The number of surviving documents that pertain to Vermeer, his family, and his art is tantalizingly few, yet still greater than those regarding the majority of Dutch painters.While 60 documents contains appraisals and prices of the works of Rembrandt van Rijn, only a handful mention the art of Vermeer. Although historians have only recently fleshed out Vermeer's artistic stature within his society, little is known of his immediate family and almost nothing of Vermeer the man. The following is a concise chronology of the painter's artistic, personal, and civic life.
1573 - Balthasar Claes Gerrits, Vermeer's maternal grandfather, is born in Antwerp. He was about twelve years old when the Spanish captured the town in 1585, and still lived there in 1595 at the time of the birth of his daughter Dingenum, or Digna, Vermeer's future mother. Shortly afterward, he leaves for the northern provinces. It is unknown whether he stayed in Delft on the way, but it is believed he arrived arrived in Amsterdam during the closing years of the century. His son, known as Reynier Baltens, is believed to have been born there around 1600.
1591 - Vermeer's father, Reynier Jansz. (c. 1591–1652), is born at Beestenmarkt number 14 in a house called Nassau, in Delft. His father was the tailor Jan Reyersz., and his mother was Cornelia (also known as Neeltge Goris). Neeltge is active as uijtdraegster, or a second hand goods dealer, liquidating estates of deceased people. Paintings frequently form part of estates. Five months after her husband’s funeral, she marries her neighbour Claes Corstiaensz. who owned the house with The Three Hammers. At the time, Neeltge was about thirty, and Claes was forty-nine.
1597 - The first documentary evidence of Vermeer's ancestors in Delft is a deed witnessed by a notary, dated January; Jan Reyerszoon, a tailor, relinquishes a debt acknowledgment in his possession to someone living outside the town in exchange for cash. Jan Reyerszoon (son of Reyer) is Vermeer's paternal grandfather.
1611 - From 1611 on, Claes Corstiaensz. is always referred to in notarial documents as Master Claes, musician (speelman). In the inventory drafted posthumously for his son Dirck, six musical instruments are listed, presumably inherited from his father by Dirck, who was himself a hatter. These were: a lute, a trombone, a shawn or pipe, two viols, and a cornet. These were likely the instruments Claes played by Claes and his family (the first picture in the inventory of Vermeer's father's effects was of an Italian pipe-player, probably the pipe was the first instrument he learned to play). Vermeer's father's apprenticeship as a silk weaver (kaffawerker), lasts four years, for this was a highly specialized craft demanding a good understanding of design in order to create the complex patterns traditional for that type of cloth.
1615 - Vermeer's father marries Digna Baltens (d. 1670) in Amsterdam. When Digna signs a statement to the effect that she is unmarried at the time, she with a cross. Later she learns to sign her name in full. The marriage is performed on 18 July. Reynier Jansz. was 24 years old.
1617 - With the exception of the stonecutter Anthony Jansz., all the male members of Vermeer's father's family were self-employed craftsmen or shopkeepers, members of guilds, typical products of the lower-middle classes. Their wives kept house and sometimes helped them with their work. When the husband died, his widow would either "take over" or find some other occupation. So, in 1617, after the death of her second husband, Claes Corstiaensz., Neeltge Goris embarked on a career as a mattress-maker, selling feather beds and quilts. On occasion she is also employed to wind up estates, which meant drawing up inventories of the dead person's effects and organizing the sale of his possessions. She also runs lotteries. Burdened by the debts run up by her husband Claes Corstiaensz. between 1611 and 1615 (for reasons that are unclear), she could not permit herself the luxury of idleness. Albert Blankert, John Michael Montias, and Gilles Aillaud. Vermeer. (Woodstock and New York: Overlook Duckworth, 2007), 21.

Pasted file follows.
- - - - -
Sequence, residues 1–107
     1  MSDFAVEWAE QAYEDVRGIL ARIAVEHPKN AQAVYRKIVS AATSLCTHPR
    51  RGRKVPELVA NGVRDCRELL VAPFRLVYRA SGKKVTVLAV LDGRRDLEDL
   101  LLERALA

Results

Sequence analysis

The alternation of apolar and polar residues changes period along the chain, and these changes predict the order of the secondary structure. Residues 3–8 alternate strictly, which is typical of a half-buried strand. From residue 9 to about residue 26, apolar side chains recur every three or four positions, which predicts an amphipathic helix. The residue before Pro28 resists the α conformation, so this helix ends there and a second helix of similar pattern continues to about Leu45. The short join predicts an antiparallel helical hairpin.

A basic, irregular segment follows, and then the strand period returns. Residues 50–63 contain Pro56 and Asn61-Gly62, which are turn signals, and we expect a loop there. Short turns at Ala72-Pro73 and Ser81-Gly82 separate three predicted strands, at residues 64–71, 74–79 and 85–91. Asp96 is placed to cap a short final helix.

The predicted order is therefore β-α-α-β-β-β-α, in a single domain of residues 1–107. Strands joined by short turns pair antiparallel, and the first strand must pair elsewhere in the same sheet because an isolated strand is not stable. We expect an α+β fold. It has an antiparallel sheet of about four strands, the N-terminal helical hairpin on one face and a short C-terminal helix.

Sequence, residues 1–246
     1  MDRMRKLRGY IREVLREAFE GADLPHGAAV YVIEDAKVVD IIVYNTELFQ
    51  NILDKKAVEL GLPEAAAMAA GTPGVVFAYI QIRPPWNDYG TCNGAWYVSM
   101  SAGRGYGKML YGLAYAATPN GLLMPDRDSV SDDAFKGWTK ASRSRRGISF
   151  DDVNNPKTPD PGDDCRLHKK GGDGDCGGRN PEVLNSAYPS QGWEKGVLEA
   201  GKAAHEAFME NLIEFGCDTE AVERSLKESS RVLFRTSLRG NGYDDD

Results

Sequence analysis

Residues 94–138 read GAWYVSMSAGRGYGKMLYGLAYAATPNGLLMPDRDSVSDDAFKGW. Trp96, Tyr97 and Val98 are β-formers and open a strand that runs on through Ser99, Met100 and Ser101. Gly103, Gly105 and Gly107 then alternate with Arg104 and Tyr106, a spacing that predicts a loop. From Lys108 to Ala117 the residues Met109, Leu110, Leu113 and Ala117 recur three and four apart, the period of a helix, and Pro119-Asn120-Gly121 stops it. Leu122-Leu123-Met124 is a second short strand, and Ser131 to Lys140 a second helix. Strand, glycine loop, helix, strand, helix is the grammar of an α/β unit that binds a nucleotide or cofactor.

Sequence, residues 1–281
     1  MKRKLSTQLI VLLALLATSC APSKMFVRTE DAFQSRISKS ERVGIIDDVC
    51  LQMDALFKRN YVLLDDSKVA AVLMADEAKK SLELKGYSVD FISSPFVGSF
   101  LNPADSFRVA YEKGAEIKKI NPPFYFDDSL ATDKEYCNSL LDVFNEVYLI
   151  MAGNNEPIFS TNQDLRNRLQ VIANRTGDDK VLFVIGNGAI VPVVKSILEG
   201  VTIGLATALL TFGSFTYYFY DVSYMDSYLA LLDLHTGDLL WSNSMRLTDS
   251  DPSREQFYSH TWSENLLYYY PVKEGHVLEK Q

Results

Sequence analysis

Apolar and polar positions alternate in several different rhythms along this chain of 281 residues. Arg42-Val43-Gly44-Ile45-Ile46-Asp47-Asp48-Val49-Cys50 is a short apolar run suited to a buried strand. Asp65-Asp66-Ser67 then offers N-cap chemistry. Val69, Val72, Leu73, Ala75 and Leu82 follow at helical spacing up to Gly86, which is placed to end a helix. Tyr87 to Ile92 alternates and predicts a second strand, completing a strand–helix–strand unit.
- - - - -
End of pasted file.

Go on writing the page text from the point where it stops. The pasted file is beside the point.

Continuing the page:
1619 - Vermeer's maternal grandfather, Balthasar Gerrits, was originally apprenticed to some trade that involved metalwork, probably clockmaking, as that was the occupation he returned to late in life. In 1609, he is working as a clerk, or "merchant's assistant." His skills as a clockmaker and metal-worker and this expertise led him—and his son Balthens—into deep trouble in the early 1620s in The Hague, where he worked as the diemaker for a group who were arrested for counterfeiting German coins. The senior parties in this scam were beheaded. Balthasar Gerrits and Reynier Balthens were interrogated by the authorities but gave evidence against their employers and were eventually released without charge; whether they were ever free of nightmares after their close brush with the executioner's sword is doubtful.
1620 - Vermeer's father, Reynier Jansz, and his mother Digna Baltens, baptize Gertruy, their first child, in Delft.
c. 1627–1630 - Reynier Janz., who from 1652 onwards calls himself "Vos,"Vos means fox in Dutch. rents an inn on the Voldersgracht in Delft called The Flying Fox (De Vliegnde Vos). The reason for the change of name is unknown.
1625 - On July 6 and August 4, it appears from notarial acts that Vermeer's father, together with two other men, wound the soldier Willem van Bylandt in a brawl in the inn Mechelen. While Reynier Vos is still a fugitive, he and his wife, Digna, and the mother of one of the two other perpetrators settle this matter by the payment of blood money to Van Bylandt.
1629 - On February 9, Reynier witnesses a document in which, for the first time, he is identified as a "herbergier" ("innkeeper").
1631 - Reynier Janz. Vos becomes a member of the Guild of Saint Luke as a "Master Art Dealer" (Mr. Constvercoper). This title allows him to buy and sell paintings in Delft. He pays six guilders, the entry fee for a Delft citizen.
1632 - Vermeer, Reynier's second son, is baptized as "Joannis" in the Nieuwe Kerk on October 31.